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NASA delivers high-def view of Venus transit

posted 6 Jun 2012, 10:46 by Mpelembe   [ updated 6 Jun 2012, 16:11 ]

Instruments aboard NASA's Solar Dynamics Observatory (SDO) have captured stunning images of the June 5 and 6 transit of Venus across the Sun. The images give a fine detail view of an event that will not happen again until 2117.
IN SPACE (JUNE 5, 2012) (NASA) - 
The images were produced by the Solar Dynamics Observatory (SDO) during a six hour period over June 5 and 6. They were taken through different filters, designed to collect images in many wavelengths to show different atmospheric details on the Sun and provide clues about Venus's atmosphere.
Recording the transit in so many diferent ways also helped NASA scientists calibrate the SDO's instruments for its ongoing observations of the Sun. With the points of ingress and egress (arrival and departure) known to the finest detail, the SDO can use the information to make sure its images are oriented to true solar north. Orienting instruments is a constant adjustment challenge for telescopes in space, since their original position can be shifted during launch. Various calibrations throughout the two years SDO has been in space have left the scientists confident that the instruments are highly accurate, but making sure that Venus appears in the SDO images exactly where scientists know it should be will help make sure SDO's orientation is accurate to within a tenth of a pixel.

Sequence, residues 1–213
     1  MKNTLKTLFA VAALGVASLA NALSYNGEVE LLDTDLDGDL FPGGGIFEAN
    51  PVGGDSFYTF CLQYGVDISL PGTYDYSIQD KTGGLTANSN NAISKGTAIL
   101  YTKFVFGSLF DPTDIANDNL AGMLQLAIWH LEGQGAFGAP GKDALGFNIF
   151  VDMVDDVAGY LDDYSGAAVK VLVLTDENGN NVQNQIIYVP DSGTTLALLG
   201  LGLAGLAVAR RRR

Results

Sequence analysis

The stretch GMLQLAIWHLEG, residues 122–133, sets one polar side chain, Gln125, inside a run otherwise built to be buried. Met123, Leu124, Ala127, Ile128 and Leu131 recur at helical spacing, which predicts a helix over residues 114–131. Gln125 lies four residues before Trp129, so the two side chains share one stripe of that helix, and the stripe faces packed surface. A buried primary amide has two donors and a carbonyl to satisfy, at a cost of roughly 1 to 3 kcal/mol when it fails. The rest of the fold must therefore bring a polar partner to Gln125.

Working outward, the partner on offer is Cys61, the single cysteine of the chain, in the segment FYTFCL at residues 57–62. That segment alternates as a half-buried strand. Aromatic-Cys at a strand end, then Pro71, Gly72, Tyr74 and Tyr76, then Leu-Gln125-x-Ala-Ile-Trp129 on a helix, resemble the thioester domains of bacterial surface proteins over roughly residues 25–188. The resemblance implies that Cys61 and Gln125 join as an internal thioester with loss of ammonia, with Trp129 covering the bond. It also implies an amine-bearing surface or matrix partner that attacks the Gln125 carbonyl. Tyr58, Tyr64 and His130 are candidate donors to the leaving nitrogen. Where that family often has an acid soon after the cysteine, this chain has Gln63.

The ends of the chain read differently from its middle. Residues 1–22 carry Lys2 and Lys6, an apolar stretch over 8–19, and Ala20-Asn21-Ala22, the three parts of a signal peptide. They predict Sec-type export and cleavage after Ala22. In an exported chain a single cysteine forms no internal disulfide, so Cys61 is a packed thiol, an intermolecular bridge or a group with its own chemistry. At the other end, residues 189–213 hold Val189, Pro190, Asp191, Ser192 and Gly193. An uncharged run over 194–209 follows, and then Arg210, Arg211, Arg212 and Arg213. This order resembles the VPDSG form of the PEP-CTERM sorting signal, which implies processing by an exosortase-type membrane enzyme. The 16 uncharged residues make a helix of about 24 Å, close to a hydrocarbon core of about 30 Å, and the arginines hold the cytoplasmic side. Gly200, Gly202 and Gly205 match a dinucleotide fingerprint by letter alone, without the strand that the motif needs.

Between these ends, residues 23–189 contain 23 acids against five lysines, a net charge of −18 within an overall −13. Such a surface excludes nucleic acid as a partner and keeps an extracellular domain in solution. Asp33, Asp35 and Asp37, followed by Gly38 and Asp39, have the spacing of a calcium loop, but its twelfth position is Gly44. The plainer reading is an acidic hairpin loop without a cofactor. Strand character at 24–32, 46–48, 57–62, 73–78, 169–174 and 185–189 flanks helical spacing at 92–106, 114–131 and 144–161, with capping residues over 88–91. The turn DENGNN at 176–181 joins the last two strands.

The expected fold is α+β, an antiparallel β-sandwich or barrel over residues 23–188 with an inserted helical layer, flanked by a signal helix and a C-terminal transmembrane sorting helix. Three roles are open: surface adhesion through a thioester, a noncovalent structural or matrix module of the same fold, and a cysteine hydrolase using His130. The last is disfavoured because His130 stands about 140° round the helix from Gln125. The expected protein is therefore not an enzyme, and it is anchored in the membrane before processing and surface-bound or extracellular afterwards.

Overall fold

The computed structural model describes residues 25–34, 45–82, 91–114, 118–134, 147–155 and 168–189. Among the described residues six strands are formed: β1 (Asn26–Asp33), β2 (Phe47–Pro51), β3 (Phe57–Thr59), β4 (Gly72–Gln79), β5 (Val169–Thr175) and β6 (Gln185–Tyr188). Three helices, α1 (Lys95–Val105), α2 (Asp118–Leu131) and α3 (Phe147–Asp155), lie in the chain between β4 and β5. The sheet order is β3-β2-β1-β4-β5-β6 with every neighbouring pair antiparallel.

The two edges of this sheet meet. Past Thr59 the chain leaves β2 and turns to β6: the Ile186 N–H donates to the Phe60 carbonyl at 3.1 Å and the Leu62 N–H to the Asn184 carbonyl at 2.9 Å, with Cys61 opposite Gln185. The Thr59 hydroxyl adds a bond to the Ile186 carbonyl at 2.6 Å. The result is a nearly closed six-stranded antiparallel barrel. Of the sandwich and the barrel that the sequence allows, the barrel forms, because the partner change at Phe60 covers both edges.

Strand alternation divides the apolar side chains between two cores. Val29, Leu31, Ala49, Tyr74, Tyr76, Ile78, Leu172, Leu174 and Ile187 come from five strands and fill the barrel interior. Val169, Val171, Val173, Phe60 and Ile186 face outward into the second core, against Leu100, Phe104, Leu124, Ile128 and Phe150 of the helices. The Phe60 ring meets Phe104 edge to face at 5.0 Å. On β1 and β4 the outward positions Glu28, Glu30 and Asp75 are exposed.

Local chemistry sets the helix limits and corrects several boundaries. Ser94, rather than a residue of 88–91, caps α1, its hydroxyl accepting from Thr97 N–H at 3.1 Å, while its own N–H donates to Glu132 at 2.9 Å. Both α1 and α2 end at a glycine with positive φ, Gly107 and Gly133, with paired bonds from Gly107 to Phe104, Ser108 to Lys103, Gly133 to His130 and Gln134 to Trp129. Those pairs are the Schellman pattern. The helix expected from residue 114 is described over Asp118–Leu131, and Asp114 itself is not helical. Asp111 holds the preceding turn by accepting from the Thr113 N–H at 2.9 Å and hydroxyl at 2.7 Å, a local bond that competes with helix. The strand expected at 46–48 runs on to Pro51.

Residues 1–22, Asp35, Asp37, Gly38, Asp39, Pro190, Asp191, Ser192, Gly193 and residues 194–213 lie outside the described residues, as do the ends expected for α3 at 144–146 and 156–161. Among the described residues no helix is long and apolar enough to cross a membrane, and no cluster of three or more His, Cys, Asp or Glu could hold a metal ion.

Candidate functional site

Launched by NASA on February 11, 2010, the SDO is the most advanced spacecraft ever designed to study the Sun. It's equipped with a group of four, sophisticated telescopes which have allowed the observation and transmission of highly detailed images of the Sun. The observatory's mission in space is scheduled to last five years.

The last transit of Venus was in 2004 and the next will not happen until 2117.